I encountered a few things over the last week or two that made the value of being authentic click for me, which I’d like to share with you.
The first was while sitting in traffic in my car, as I do every day while I slowly go insane from my awful commute, and I came across an old Freakonomics podcast guest starring Aziz Ansari of Parks and Rec and standup comedy fame. He's a thoughtful guy, and he also said something about how he chooses his material that stuck with me. It's at the 26:00 mark in the episode if you want to listen to it in the player below.
"I've been very careful about what I choose to do, and I only do things that I really like...If I did some douche-y show that I didn't like, I would probably have some douche-y fans that I don't like. But since I've done stuff that I'm proud of and respect, the people that come up to me are usually cool people." Now, I imagine it’s really tough for a comic starting out, not making much money yet, to turn projects down because they don’t think they’re cool. It takes a lot of integrity (and guts) to do that, but when it works, you come out the other side with your authenticity intact and reap the benefits.
I was at a drinks-and-dinner-and-more-drinks thing with some salespeople I know and a few of their clients. It was a relaxed setting, and I was at that perfect buzz where you're not drunk yet but you see the world a little differently than you normally do. When it comes to sales, I've usually been in the role of subject matter expert rather than relationship owner, and for me it's cool to see the latter role done really well. Watching someone ask for a seven figure commitment from a client the way I’d ask for a stick of gum (casually, and with total confidence it will happen), is interesting. I got the sense that these guys were turning professional relationships into personal relationships for a living, having fun with it, and doing really well at it. Have you ever met someone and thought, “You’re in the right job”? That’s what this was.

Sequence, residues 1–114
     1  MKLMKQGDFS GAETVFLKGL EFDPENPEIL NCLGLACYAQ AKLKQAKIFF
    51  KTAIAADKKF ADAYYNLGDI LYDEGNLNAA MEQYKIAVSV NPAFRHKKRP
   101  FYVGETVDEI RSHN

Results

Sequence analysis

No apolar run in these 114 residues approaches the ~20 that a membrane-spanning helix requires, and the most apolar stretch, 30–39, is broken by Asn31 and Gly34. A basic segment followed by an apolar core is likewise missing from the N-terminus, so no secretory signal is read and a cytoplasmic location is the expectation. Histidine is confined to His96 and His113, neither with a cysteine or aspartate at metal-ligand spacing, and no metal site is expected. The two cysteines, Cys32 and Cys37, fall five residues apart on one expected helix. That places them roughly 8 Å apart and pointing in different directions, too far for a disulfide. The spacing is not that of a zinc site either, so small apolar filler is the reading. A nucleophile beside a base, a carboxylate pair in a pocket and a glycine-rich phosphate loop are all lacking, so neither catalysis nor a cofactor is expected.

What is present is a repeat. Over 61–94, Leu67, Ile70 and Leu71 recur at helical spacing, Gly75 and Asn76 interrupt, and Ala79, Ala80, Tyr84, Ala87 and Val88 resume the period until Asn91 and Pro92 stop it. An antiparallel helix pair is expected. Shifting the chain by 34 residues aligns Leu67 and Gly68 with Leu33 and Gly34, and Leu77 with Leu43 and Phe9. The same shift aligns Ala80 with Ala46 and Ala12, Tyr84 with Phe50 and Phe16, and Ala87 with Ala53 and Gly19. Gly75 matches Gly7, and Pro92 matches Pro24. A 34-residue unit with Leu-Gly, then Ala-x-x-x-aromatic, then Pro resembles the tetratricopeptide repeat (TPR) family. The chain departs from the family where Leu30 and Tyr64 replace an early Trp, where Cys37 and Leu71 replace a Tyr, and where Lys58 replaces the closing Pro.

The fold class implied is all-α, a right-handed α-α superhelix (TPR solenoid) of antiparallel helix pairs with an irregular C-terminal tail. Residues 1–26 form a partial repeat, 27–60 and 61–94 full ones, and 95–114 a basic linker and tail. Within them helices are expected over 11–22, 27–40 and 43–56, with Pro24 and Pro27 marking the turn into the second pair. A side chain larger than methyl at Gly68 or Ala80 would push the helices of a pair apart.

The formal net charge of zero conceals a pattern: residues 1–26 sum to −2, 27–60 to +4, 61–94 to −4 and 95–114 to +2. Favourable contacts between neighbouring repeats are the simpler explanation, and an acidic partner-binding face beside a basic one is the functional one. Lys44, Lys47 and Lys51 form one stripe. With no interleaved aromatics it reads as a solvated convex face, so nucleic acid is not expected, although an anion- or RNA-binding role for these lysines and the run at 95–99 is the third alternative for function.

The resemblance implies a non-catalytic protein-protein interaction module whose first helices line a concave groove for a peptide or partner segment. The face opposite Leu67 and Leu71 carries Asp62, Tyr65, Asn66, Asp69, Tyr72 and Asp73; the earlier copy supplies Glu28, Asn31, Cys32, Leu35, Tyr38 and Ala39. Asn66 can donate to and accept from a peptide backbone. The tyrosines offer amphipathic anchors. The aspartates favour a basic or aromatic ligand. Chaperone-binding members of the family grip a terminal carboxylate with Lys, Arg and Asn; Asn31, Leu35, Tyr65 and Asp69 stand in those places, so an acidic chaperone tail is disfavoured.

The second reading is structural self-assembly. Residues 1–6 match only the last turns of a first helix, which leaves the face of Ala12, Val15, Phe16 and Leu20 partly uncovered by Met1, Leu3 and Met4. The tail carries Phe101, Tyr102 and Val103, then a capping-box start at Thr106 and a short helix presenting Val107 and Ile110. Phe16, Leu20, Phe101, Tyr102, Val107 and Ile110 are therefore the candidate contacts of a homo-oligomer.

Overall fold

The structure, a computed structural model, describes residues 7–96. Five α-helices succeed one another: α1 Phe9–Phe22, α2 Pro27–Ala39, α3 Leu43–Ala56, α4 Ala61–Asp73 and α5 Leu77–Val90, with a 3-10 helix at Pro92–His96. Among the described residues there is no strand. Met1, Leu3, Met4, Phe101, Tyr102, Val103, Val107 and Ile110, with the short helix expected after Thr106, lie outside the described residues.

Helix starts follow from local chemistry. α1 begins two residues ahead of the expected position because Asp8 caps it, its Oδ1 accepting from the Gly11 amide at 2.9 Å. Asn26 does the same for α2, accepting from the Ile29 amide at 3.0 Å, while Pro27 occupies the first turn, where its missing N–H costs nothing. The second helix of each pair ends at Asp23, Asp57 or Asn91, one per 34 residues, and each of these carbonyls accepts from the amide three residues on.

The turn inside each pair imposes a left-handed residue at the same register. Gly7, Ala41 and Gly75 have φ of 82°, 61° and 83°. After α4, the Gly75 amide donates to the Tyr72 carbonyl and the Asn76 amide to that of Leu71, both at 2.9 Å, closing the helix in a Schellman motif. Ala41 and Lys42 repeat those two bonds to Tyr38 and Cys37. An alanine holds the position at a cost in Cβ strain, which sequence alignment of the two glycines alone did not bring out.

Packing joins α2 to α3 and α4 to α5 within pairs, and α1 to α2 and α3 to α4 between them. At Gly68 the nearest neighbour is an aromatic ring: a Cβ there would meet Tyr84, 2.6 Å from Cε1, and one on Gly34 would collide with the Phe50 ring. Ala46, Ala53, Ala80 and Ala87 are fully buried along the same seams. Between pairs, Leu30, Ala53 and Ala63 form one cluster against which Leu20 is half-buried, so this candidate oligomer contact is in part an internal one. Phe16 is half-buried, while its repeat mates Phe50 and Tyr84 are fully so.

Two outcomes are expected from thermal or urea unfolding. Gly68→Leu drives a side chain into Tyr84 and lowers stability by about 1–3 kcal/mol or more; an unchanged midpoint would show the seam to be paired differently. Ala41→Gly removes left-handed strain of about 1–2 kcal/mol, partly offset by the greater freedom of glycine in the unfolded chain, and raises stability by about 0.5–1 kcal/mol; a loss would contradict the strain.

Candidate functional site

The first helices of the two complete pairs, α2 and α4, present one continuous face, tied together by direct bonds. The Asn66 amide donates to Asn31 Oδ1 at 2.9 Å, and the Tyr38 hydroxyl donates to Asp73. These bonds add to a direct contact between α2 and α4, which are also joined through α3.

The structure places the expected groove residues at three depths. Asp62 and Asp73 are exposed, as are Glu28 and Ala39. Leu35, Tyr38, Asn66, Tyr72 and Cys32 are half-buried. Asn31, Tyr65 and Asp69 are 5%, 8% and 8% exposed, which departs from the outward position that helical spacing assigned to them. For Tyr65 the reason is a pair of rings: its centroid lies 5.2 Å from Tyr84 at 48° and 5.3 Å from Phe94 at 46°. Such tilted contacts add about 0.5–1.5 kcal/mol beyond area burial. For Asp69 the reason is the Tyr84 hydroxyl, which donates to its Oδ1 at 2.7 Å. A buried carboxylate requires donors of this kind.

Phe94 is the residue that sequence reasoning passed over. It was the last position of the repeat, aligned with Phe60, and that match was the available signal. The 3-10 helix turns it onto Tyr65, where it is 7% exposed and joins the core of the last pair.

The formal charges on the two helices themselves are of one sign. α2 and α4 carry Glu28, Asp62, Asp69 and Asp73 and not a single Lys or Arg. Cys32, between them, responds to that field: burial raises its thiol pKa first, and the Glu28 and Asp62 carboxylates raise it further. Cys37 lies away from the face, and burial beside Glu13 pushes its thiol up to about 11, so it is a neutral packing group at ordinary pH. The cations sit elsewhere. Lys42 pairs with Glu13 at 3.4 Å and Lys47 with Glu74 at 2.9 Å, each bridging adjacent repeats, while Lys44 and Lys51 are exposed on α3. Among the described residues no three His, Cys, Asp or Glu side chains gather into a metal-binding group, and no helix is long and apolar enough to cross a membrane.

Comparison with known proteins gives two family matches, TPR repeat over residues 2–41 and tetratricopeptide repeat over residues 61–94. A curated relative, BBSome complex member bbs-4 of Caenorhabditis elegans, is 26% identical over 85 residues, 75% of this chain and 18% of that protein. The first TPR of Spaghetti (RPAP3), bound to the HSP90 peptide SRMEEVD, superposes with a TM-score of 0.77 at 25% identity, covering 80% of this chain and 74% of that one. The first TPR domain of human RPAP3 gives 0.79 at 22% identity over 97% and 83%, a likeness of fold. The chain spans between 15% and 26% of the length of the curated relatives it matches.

One of my readers responded to an article I posted on Medium about the mistakes I’ve made in my first real entrepreneurial venture with a link to a talk that serial entrepreneur Gary Vaynerchuk gave at USC in Los Angeles. I recommend watching the entire thing when you can.
Amidst the good advice and surprising, enjoyable profanity is this gem near the 4:30 mark: "You need to bet on your strengths, and don't give a **** about what you suck at." Most people will spend their whole career wasting time shoring up their weaknesses instead of betting on their strengths, and they won't be great at anything as a result. (It's also interesting to hear Vaynerchuk describe why he was such a terrible student because school was a game he didn't get - sound familiar?)
So, what did I take away from all this? After listening to/watching these people in the span of a few days, I realized that all the most successful people I see have zero difference between their at-work personality and their everyday personality. They've all figured out how to monetize who are they are. No matter what role or industry you’re in, that’s where you want to be.
Be True to Your DNA